Calvert Racing and Competition Engineering both offer an excellent traction-bar alternative that places an adjustable link below the leaf spring, placing the leaf spring in tension rather than in compression. The link pivots from underneath the front spring eye and is adjustable for preload to compensate for the rear axle's tendency to lift the right (passenger-side) rear under acceleration. Either of these bars is superior to standard traction bars but are more expensive. Calvert and Landrum Spring also offer drag-tuned monoleaf springs that eliminate the leaf-to-leaf friction of multileaf springs.
One significant variable with leaf springs is that as load is applied and the rear suspension either squats or rises, this forces the rear spring shackle to move. According to AFCO Performance, this shackle movement also changes the effective spring rate, which varies the load applied to the rear tires. Ideally, if the shackle never moved, this would maintain the same amount of load on the tire. The original Mopar Performance books used to preach keeping the rear shackle pivot point on the body located ahead of the rear spring eye, which would increase load with body rise. There is some great tech information about leaf springs on Afco's Web site (afcoracing.com) that explains this more fully. The solution for this shackle movement is a slider assembly. A slider assembly is a steel roller that travels in a slot designed to fit between the rear axle and the spring to allow the rear to move fore and aft under load. AFCO sells these sliders, designed mainly for Mopar-width springs in drag racing-only applications.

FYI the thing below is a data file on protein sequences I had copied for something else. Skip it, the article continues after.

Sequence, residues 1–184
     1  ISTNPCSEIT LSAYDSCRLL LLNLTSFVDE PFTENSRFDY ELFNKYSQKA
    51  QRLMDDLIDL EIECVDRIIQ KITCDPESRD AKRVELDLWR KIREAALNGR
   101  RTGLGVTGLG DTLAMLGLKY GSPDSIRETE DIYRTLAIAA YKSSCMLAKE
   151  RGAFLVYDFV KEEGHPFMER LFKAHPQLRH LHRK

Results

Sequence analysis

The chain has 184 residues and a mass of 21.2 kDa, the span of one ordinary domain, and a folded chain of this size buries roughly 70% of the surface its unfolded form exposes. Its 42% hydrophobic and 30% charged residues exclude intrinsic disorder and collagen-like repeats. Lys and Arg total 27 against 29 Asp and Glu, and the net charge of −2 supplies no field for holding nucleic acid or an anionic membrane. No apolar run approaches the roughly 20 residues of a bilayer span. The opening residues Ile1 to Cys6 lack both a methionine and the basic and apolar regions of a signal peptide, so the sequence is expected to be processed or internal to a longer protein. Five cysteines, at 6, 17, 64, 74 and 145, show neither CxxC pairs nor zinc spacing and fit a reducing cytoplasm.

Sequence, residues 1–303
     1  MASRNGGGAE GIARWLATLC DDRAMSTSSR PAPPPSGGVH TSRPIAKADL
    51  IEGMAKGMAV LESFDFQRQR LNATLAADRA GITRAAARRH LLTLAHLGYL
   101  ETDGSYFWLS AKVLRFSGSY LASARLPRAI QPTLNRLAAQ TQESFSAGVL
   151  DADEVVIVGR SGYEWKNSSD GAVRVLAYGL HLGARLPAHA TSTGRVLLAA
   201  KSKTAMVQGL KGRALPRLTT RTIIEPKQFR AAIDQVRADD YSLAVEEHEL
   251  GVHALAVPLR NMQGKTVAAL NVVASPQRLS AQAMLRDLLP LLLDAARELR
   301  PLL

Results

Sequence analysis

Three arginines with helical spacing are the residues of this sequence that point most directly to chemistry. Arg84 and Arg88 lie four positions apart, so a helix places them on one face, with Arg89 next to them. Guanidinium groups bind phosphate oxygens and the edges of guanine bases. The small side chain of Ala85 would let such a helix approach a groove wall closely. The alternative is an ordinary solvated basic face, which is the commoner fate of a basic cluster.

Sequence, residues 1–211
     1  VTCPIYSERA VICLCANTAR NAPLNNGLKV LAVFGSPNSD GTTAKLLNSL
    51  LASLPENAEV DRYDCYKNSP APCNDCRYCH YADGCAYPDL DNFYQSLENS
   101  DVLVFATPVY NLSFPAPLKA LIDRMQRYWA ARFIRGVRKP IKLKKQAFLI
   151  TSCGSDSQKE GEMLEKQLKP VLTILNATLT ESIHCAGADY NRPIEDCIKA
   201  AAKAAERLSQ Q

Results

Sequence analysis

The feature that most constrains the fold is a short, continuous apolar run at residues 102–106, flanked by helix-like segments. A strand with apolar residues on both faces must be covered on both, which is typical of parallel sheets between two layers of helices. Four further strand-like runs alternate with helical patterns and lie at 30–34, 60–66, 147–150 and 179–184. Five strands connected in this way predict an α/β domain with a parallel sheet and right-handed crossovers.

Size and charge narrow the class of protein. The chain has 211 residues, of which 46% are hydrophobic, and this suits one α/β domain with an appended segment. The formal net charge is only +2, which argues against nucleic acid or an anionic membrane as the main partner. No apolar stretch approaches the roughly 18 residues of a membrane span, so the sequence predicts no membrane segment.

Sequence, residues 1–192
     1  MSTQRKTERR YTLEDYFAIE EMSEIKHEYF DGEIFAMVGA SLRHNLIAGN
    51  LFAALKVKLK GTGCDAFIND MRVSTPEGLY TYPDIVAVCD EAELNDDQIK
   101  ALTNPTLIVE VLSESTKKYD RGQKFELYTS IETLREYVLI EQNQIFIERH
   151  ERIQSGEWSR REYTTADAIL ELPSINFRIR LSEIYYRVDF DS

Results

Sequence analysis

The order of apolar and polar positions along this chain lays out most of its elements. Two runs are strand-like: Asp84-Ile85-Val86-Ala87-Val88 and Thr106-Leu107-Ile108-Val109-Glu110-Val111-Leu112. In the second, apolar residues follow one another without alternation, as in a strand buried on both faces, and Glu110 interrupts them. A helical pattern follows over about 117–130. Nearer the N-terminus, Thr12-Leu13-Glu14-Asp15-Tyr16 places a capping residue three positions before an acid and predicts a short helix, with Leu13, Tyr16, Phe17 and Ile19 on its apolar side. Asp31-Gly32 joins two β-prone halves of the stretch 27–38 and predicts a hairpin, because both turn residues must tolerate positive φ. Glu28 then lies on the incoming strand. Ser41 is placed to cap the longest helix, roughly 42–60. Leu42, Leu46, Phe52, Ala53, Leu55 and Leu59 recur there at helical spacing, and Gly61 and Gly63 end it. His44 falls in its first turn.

Tach Tuning If you're really serious about chassis tuning on the dragstrip, it makes sense to invest in a data logger to record each run and compare them to see exactly how the car used the power on each pass. Several NMCA racers we spoke with use the Auto Meter Ultimate II Playback Tach and matching software to log engine and driveshaft rpm to evaluate torque-converter efficiency as well as traction. The data is recorded by the tach and then downloaded to a computer that uses the Auto Meter Tach Facts software to plot the rpm curve of each pass. The Ultimate II tach logs up to four runs with a rate of 100 samples per second.
Most racers use the data to study driveshaft rpm in search of tire spin. This information can then be used to make chassis changes to improve 60- or 330-foot times. For example, we had a Chevelle that would initially launch and then unload the rear tires and spin roughly 30 feet off the line. Slowing the rate of front suspension rise changed the point at which the front suspension topped out and the car went quicker. The key to using any data-logging device is to accurately evaluate what the car is doing and how to use that information to improve e.t. Of course, there are dozens of other data-logging options. We did a story called "The Racepak" on an affordable data recording in Nov. '04.